The problem is that this excludes/prevents me from participating in the t-cell treatment in Philadelphia. We heard from my team in Philly this morning however and the time line has been delayed. The plan now is to do 2 spinal taps (LPs) whatever you want to call it - they take a huge needle and put chemo in my spine - so the plan is to do 2 of those a week until I have 4 in a row that are clean. At that point I will qualify for the t-cell treatment.

Problem #2 - the tumor in my arm. Technically they call it a "chloromas" but it's basically a tumor, a big lump of cancerous cells. This is growing on my right humorous (insert joke here) and is the cause of a great deal of pain. In fact we believe the leukemia has been the main source of the severe pain that I have had in my bones - particularly my joints.

I had my first radiation treatment on my arm this morning. The radiologist explained that leukemia has a difficult time with radiation and that he expects it will be quite successful even at a low dose. I have another radiation treatment tomorrow and the 3rd and final session on Friday.

The last test result that we received was an update on how much leukemia was in my bone marrow. After my first round of blinatumomab it was 2%, after the second round it was 7%, this time around it had wiggled up to 9%. In a group of bad test results this was one thing to be happy about. The percentage of disease in my bone marrow has remained low.

So the plan for now is to under go chemo via lumbar puncture twice a week and to attack the leukemia systemically using a drug called vincristine and some steroids. This is not my first rodeo. I'm sure I will lose my hair and feel sick and tired and tired and sick. The best part is that I still have hope. When I hear from Dr. Porter in Philadelphia, and he expresses that he is thinking of me often and when others express their empathy and prayers, I know that I am not alone. I have a team! I love each and every one of you.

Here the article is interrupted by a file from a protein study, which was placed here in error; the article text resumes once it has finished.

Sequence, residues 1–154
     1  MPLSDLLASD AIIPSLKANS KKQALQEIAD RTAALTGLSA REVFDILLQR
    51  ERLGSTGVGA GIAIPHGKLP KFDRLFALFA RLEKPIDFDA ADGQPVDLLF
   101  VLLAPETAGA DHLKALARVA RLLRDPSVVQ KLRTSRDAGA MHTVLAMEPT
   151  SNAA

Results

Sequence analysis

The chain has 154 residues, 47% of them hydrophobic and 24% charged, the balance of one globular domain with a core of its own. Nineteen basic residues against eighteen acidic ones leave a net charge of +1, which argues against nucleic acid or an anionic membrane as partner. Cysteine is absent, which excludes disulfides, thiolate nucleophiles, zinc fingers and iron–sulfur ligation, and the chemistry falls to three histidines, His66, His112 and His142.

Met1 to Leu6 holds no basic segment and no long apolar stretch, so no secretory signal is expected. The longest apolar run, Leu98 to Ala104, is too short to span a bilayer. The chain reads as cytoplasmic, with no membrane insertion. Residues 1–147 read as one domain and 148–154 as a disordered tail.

Thank you for expressing your concern and using this opportunity to serve our family. I would be the first to tell you that I understand this cancer crusade has been going on for a long time. If you're tired or burnt out, or just need a break I get it.Thank you to all of you and those of you who continue to serve and love. 

I wouldn't have made it this far with out your help and the continuous flowing love of our Savior. To ponder his mercy and love is a gift. I am so grateful for each day. Even the tough days. They refine us, they define us, they make us prove who we really are. I am grateful for my Savior and share this with you in his sacred name of Jesus Christ.


Friday, June 19, 2015

Limes to Limeade

We want to thank Jillian for giving us the opportunity to speak about turning lemons into lemonade in front of some people who also have had a lot of lemons handed to them in their lives. I haven't made a whole lot of lemonade (unless it's the pre-mix where you add water) but I have made a Brazilian drink that I consumed a lot on my mission called limeade. In Portuguese, it's limonada, so it sounds like lemonade. Except you use limes, not lemons. Lemons are pretty expensive right now, so why not go for the limes? Brazilians actually include the most bitter part of the lime in their recipe- the rind. All of us in our lives have bitter parts (rinds). It all depends on how good we are at sweetening things up (but not too much) to make our lives happy. Some ingredients are essential to make this limeade delicious. They include lots of Creme de Leite (sweet and condensed milk), sugar, and a seive (strainer). Similarly, some things Marshall and I have tried to make our bitter lives sweet include optimism/positivism, humor, and the gospel or an eternal perspective.